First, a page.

|Publication number||US6724592 B1|
|Application number||US 10/248,018|
|Publication date||Apr 20, 2004|
|Filing date||Dec 11, 2002|
|Priority date||Dec 11, 2002|
|Publication number||10248018, 248018, US 6724592 B1, US 6724592B1, US-B1-6724592, US6724592 B1, US6724592B1|
|Inventors||Paul C. F. Tong, Ming-Dou Ker, Ping Ping Xu, Kwong Shing Lin, Anna Tam|
|Original Assignee||Pericom Semiconductor Corp.|
|Export Citation||BiBTeX, EndNote, RefMan|
|Patent Citations (12), Non-Patent Citations (2), Referenced by (25), Classifications (6), Legal Events (7)|
|External Links: USPTO, USPTO Assignment, Espacenet|
This invention relates to integrated circuits (IC's), and more particularly to electro-static-discharge (ESD) protection circuits.
Improvements in semiconductor processes are producing smaller and smaller transistors and other integrated devices. Unfortunately, the miniaturization of these devices also increases their risk of damage by static electricity. Relatively small electric shocks that might not be noticed by a human can melt or otherwise destroy tiny structures in an integrated transistor.
The input and output pads of an integrated circuit (IC) chip are typically outfitted with protection devices specifically designed to shunt electro-static-discharges (ESD). These ESD-protection devices are effective when the ESD pulse is applied to an input or output (I/O) pin when the ground pin is connected to a ground. During testing for ESD-protection, an ESD test machine applies a positive or negative test to the device-under-test (DUT) with its pins configured in various combinations (see JESD22-A114-B for details). This can include a zap to an I/O pin while the ground pin is connected to the ESD machine as a ground.
Since an actual electric shock can occur between any two pins on a chip, full ESD testing usually includes applying an ESD pulse between every possible combination of two pins. Other pins of the chip can be left floating.
Since the ESD-protection devices are often designed to shunt ESD current from a pin to a power or ground bus, when the ground is floating the ESD-protection device may not work optimally. For example, when an ESD pulse is applied between two different I/O pins, and the power and ground pins are left floating, the ESD current must somehow travel from the one I/O pin to the other I/O pin. Often an indirect path carries the ESD pulse, such as an internal ground bus.
Such I/O-pin to I/O-pin ESD testing can be the most difficult test to pass, especially for Bus-Switch-type products. While “normal” I/O-pin to ground or I/O-pin to power tests may pass, ESD pulses between two I/O pins with the ground pin floating may cause damage. This damage can sometimes result in leakage on a pin after the ESD test.
FIG. 1 is a diagram of a prior-art chip with grounded ESD-protection devices on each I/O pin. Pin A and pin B are I/O pins on an IC chip. Pins A and B are connected by bus-switch transistor 10 which forms a connecting channel when its gate is driven high by inverter 18. When enable EN is high, inverters 16, 18 drive the gate of bus-switch transistor 10 high, connecting pins A, B. When EN is low, transistor 10 isolates pin A from pin B.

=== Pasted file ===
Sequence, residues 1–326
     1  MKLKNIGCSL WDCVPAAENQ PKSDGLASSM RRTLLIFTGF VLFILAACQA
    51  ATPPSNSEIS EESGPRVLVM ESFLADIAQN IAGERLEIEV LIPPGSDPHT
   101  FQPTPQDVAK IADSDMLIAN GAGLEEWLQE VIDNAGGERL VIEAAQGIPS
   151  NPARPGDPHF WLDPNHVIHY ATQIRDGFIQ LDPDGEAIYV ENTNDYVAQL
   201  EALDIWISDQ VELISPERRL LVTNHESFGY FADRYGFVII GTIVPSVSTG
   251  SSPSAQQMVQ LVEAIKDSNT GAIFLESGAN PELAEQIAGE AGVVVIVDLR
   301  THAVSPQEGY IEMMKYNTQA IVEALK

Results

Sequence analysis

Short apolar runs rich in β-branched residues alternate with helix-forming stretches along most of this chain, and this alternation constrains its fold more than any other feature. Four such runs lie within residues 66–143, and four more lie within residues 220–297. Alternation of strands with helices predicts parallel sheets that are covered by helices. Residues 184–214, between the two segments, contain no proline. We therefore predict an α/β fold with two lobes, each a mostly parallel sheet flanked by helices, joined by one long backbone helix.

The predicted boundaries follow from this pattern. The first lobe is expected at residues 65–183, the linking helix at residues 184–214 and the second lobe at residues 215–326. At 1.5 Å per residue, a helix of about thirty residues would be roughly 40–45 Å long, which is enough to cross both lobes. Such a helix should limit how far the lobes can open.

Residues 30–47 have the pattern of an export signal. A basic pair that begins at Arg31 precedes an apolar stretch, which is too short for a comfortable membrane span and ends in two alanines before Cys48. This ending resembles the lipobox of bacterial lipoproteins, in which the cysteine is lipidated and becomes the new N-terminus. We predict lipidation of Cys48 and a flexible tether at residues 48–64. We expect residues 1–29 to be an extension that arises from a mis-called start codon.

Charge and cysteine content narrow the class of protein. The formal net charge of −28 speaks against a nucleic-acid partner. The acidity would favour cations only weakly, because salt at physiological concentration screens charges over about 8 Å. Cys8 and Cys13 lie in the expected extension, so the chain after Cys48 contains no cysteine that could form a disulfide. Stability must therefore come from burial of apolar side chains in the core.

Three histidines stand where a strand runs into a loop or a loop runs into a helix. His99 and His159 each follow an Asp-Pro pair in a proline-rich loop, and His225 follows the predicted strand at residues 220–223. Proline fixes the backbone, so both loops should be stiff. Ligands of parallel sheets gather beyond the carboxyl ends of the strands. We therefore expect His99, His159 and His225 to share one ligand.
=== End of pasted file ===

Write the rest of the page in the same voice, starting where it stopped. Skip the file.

ESD protection device 12 is connected to pin A. A wide variety of ESD protection devices could be used. ESD protection device 12 includes structures to shunt an ESD pulse from pin A to an internal ground bus. The shunt could be provided by a large diode to ground, or by a large grounded-gate n-channel transistor (either thin gate oxide or field oxide gate could be used), or by some other structure.
When an ESD pulse is applied to pin A, and the ground pin is grounded, ESD protection device 12 shunts the ESD pulse to the internal ground, and then to the ground pin and back to the ESD tester (or other common ground). ESD protection device 12 protects bus-switch transistor 10 from damage by the ESD pulse.
Pin B is likewise protected by ESD protection device 14. During normal operation in a real system, when EN is low and bus-switch transistor 10 isolated pins A, B, ESD protection device 12 can shunt any shock applied to pin A to the internal ground. This prevents the shock from being coupled to pin B, which may be coupled to another active bus. Such shocks can occur during hot-swapping of PC or network cards.
ESD-Protection Can Fail When Internal Ground Floats—FIG. 2
While ESD protection devices 12, 14 provide good protection when the internal ground is connected to an external ground, protection can be poor when the internal ground is floating. FIG. 2 highlights failure of ESD-protection devices when the internal ground is floating. In this I/O-pin to I/O-pin ESD test the power and ground pins are left floating. The ESD machine is connected between pin A and pin B. The ESD pulse is applied to pin A while pin B is grounded. All other pins, including power and ground, are left floating.
The ESD pulse applied to pin A charges up any capacitances on pin A until a high enough voltage is reached so the ESD protection device 12 snapbacks. Then the ESD pulse charges internal ground bus 20. Internal ground bus 20 connects to other ESD protection devices including ESD protection device 14 for the grounded pin B. The ESD pulse then travels forward through ESD protection device 14 to reach pin B.